9:22 saying, “The Son of Man must suffer 1 many things and be rejected by the elders, 2 chief priests, and experts in the law, 3 and be killed, and on the third day be raised.” 4
9:44 “Take these words to heart, 5 for the Son of Man is going to be betrayed into the hands of men.” 6
13:33 Nevertheless I must 7 go on my way today and tomorrow and the next day, because it is impossible 8 that a prophet should be killed 9 outside Jerusalem.’ 10
1 sn The necessity that the Son of Man suffer is the particular point that needed emphasis, since for many 1st century Jews the Messiah was a glorious and powerful figure, not a suffering one.
5 tn Grk “Place these words into your ears,” an idiom. The meaning is either “do not forget these words” (L&N 29.5) or “Listen carefully to these words” (L&N 24.64). See also Exod 17:14. For a variation of this expression, see Luke 8:8.
6 tn The plural Greek term ἀνθρώπων (anqrwpwn) is considered by some to be used here in a generic sense, referring to both men and women (cf. NRSV, “into human hands”; TEV, “to the power of human beings”). However, because this can be taken as a specific reference to the group responsible for Jesus’ arrest, where it is unlikely women were present (cf. Matt 26:47-56; Mark 14:43-52; Luke 22:47-53; John 18:2-12), the word “men” has been retained in the translation. There may also be a slight wordplay with “the Son of Man” earlier in the verse.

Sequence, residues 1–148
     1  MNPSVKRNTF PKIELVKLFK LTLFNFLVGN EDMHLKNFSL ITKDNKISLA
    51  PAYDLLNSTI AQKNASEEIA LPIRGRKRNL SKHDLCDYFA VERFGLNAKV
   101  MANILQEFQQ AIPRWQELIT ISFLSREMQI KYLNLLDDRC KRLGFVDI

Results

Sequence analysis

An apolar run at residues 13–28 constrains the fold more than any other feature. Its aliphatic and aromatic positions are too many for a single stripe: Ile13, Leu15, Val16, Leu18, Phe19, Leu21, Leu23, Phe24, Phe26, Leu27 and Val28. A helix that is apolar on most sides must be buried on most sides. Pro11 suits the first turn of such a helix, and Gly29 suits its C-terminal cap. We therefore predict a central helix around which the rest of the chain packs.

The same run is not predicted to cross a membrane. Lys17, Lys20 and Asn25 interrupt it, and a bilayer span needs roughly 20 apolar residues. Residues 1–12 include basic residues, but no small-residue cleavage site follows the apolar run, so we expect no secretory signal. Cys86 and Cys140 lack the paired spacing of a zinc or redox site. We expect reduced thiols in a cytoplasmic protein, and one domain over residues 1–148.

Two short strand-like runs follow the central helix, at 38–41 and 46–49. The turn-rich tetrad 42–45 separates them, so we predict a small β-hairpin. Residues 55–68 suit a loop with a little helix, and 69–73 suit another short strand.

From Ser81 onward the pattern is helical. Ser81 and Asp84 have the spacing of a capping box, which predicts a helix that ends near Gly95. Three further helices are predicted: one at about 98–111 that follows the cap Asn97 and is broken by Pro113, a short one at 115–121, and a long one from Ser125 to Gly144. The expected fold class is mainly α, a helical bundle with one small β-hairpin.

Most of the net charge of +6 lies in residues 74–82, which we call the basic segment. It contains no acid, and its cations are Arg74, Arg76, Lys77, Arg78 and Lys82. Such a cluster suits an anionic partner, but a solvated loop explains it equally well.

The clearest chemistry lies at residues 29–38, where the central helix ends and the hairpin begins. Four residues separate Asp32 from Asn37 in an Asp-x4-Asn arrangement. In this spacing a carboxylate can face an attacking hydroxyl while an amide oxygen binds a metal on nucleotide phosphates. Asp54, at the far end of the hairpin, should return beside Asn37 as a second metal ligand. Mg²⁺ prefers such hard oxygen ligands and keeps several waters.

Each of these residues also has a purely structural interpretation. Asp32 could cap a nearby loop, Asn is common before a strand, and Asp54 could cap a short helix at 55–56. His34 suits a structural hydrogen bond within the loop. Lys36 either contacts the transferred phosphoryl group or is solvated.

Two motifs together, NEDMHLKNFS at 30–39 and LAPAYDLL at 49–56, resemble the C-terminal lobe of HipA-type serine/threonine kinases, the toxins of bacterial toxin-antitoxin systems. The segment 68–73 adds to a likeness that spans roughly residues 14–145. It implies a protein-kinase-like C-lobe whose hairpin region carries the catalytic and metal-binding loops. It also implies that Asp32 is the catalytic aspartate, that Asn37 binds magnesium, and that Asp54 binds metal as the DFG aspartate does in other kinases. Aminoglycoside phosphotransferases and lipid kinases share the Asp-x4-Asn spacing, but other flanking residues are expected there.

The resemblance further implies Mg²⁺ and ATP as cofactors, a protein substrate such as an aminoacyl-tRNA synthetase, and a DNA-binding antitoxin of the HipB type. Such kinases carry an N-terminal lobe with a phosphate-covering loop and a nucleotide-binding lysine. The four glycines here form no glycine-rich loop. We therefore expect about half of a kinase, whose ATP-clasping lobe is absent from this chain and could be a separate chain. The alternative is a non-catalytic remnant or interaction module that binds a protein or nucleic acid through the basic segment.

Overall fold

7 tn This is the frequent expression δεῖ (dei, “it is necessary”) that notes something that is a part of God’s plan.
8 tn Or “unthinkable.” See L&N 71.4 for both possible meanings.
9 tn Or “should perish away from.”
10 sn Death in Jerusalem is another key theme in Luke’s material: 7:16, 34; 24:19; Acts 3:22-23. Notice that Jesus sees himself in the role of a prophet here. Jesus’ statement, it is impossible that a prophet should be killed outside Jerusalem, is filled with irony; Jesus, traveling about in Galilee (most likely), has nothing to fear from Herod; it is his own people living in the very center of Jewish religion and worship who present the greatest danger to his life. The underlying idea is that Jerusalem, though she stands at the very heart of the worship of God, often kills the prophets God sends to her (v. 34). In the end, Herod will be much less a threat than Jerusalem.